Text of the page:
40% of patients diagnosed with Gilmore’s Groin also have torn adductors. Minor and moderate tears usually respond to adductor exercises and physiotherapy. Patients with severe adductor (muscle) tears usually require adductor tenotomy (division of tendon) or release.
An adductor strain is a common problem amongst athletes and sportsmen and women.
The adductor muscle can be injured when there is a forced push off or if the leg is taken forcefully out to the side. Very high forces can be put through the adductor muscles and tendons when an athlete suddenly changes direction or in jumping and overstretching. Most strains will settle without an operation.
Sometimes what may happen is that the adductor tendon becomes repeatedly injured and becomes thickened and rigid. This can also happen if it tears and heals badly. In these cases the muscle underneath the tendon is prevented from moving smoothly. In particular if the muscle contracts very suddenly the rigid tendon prevents the muscle contracting properly and the muscle itself tears.
If this happens then an adductor tenotomy may be needed.
If you exerience the following you should get yourself checked:
- Sudden sharp pains (this may escalate depending on the severity of the tear)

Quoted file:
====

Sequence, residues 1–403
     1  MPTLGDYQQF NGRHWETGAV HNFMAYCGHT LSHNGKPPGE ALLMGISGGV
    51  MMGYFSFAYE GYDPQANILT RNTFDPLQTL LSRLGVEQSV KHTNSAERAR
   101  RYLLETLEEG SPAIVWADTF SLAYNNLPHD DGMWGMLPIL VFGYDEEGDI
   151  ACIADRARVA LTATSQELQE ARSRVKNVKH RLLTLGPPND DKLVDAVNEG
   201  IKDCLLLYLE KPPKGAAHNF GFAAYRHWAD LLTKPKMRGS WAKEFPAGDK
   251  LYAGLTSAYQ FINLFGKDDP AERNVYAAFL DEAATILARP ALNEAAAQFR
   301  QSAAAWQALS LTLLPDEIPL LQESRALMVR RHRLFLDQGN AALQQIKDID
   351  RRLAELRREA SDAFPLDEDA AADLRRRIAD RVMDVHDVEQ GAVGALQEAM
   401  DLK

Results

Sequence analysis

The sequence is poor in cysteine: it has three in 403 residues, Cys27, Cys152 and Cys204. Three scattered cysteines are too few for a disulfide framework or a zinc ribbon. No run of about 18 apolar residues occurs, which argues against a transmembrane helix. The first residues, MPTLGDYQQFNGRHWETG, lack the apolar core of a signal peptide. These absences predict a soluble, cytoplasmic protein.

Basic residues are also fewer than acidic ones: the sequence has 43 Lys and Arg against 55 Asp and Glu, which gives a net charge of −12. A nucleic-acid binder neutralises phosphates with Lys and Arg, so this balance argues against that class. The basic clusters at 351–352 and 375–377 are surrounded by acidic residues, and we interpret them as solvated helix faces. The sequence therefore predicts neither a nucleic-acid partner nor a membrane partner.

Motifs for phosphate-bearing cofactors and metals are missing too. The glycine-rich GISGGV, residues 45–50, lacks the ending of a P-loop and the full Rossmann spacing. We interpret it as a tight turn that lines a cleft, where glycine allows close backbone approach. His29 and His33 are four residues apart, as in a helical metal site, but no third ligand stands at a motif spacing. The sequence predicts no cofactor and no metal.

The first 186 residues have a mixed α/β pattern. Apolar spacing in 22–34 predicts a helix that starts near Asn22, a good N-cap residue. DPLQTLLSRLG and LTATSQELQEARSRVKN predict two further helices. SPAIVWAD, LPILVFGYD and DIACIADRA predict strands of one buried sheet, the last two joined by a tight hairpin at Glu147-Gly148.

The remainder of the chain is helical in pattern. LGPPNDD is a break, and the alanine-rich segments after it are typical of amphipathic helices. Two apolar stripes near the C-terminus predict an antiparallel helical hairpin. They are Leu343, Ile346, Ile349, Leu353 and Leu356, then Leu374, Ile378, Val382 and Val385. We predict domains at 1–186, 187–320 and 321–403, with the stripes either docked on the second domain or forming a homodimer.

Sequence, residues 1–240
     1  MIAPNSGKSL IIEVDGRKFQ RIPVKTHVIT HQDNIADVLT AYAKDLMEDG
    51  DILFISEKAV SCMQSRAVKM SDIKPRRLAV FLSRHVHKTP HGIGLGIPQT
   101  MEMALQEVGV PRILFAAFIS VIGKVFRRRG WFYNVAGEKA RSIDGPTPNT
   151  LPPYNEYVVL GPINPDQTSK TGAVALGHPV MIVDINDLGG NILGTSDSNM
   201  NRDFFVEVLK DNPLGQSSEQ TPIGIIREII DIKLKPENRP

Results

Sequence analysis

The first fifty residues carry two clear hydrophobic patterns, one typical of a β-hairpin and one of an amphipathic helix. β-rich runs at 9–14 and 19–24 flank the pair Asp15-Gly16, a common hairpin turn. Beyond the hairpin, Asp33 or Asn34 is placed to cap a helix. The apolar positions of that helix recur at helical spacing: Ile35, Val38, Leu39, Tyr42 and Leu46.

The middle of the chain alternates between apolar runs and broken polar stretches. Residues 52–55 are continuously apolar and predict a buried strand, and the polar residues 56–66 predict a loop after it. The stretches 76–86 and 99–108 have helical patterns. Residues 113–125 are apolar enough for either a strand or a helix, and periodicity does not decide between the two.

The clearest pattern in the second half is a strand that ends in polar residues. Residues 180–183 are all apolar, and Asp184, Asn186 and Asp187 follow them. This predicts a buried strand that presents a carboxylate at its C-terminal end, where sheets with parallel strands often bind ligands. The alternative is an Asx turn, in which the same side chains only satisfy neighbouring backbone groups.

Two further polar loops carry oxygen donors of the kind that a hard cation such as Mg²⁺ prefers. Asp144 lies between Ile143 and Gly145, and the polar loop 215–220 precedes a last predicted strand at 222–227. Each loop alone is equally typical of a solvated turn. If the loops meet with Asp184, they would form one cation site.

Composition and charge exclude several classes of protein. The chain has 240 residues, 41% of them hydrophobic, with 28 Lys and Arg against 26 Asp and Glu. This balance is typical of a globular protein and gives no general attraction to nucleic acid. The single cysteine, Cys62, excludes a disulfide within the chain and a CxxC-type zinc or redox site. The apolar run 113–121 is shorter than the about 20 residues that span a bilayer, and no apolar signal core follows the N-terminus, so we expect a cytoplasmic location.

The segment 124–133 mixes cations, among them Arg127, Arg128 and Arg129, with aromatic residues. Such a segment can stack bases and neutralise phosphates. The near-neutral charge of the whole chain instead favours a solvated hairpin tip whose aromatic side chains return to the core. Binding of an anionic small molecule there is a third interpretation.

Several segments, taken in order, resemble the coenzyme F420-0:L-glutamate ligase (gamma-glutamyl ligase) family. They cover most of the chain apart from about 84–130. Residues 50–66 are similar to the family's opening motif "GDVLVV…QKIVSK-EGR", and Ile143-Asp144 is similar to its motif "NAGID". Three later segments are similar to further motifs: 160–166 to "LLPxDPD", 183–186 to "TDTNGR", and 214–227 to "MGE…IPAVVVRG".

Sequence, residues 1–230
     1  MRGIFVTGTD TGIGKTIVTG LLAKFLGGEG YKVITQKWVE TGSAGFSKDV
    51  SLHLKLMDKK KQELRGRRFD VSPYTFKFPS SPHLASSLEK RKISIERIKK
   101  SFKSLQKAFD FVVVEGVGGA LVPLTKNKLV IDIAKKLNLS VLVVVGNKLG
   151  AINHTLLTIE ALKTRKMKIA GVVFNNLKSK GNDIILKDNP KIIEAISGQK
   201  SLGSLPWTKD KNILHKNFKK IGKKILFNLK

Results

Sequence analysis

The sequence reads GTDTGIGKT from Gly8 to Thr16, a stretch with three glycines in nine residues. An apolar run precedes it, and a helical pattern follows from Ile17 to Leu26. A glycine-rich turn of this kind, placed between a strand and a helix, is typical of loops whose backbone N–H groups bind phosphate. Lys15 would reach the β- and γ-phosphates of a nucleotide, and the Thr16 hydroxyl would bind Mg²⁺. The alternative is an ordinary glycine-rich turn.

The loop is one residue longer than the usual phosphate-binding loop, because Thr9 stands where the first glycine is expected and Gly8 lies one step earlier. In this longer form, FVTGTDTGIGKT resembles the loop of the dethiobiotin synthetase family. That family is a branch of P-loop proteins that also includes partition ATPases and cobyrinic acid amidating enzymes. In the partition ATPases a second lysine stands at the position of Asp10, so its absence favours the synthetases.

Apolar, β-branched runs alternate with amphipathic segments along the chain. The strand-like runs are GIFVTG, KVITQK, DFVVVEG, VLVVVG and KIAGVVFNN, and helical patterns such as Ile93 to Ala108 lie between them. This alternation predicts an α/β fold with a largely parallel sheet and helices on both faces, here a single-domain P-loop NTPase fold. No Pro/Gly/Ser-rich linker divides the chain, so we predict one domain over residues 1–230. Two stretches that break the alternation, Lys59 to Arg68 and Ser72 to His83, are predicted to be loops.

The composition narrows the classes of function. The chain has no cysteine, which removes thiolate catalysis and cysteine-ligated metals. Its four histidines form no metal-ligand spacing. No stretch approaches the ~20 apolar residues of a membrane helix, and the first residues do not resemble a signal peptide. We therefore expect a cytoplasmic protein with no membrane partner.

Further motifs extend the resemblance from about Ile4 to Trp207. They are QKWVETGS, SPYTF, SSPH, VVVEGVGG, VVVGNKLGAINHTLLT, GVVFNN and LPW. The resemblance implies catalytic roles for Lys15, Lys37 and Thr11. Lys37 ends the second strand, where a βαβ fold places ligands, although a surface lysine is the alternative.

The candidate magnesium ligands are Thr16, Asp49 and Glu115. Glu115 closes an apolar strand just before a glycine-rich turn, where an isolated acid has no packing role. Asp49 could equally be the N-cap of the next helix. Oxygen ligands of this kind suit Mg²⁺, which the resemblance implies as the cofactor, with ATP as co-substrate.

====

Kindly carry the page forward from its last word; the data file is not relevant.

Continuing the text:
- Pain caused while stretching
- Discomfort while walking or moving
Adductor tenotomy is the term used to describe a surgical cutting of the adductor tendon, not the muscle itself. at the same time any scar tissue (adhesions) is divided and the underlying muscle is freed. The operation is performed at the top of the inner thigh where the tendon attaches to the pubic bone. Cutting the tendon and freeing up the muscle allows the muscle to contract freely and normally without tearing.
After the operation you can get quite a bruise in the thigh. The scar is always numb and can be quite thick for a few months as the scar tissue forms and then settles. Wound infection is rare and occurs in less than 1% of people. In addition, there are some potential complications that can be associated with any general anaesthetic, these include nausea and vomiting, sore throat and headache as well as blood clots in the legs and lungs. All these are very rare with modern anaesthesia, early mobilisation and discharge.
Following surgery, you will need to do some exercises to strengthen the adductor muscle again. Professional sportsmen and women will have access to a physiotherapist and can often be back to normal in less than 6 weeks. Most people follow the programme on their own, in their own time and so full recovery may be longer. If you had a bigger tear or it had been present for a longer time (more than 6 months) recovery may take longer. Also, it seems that people over the age of 40 take a little longer to recover fully.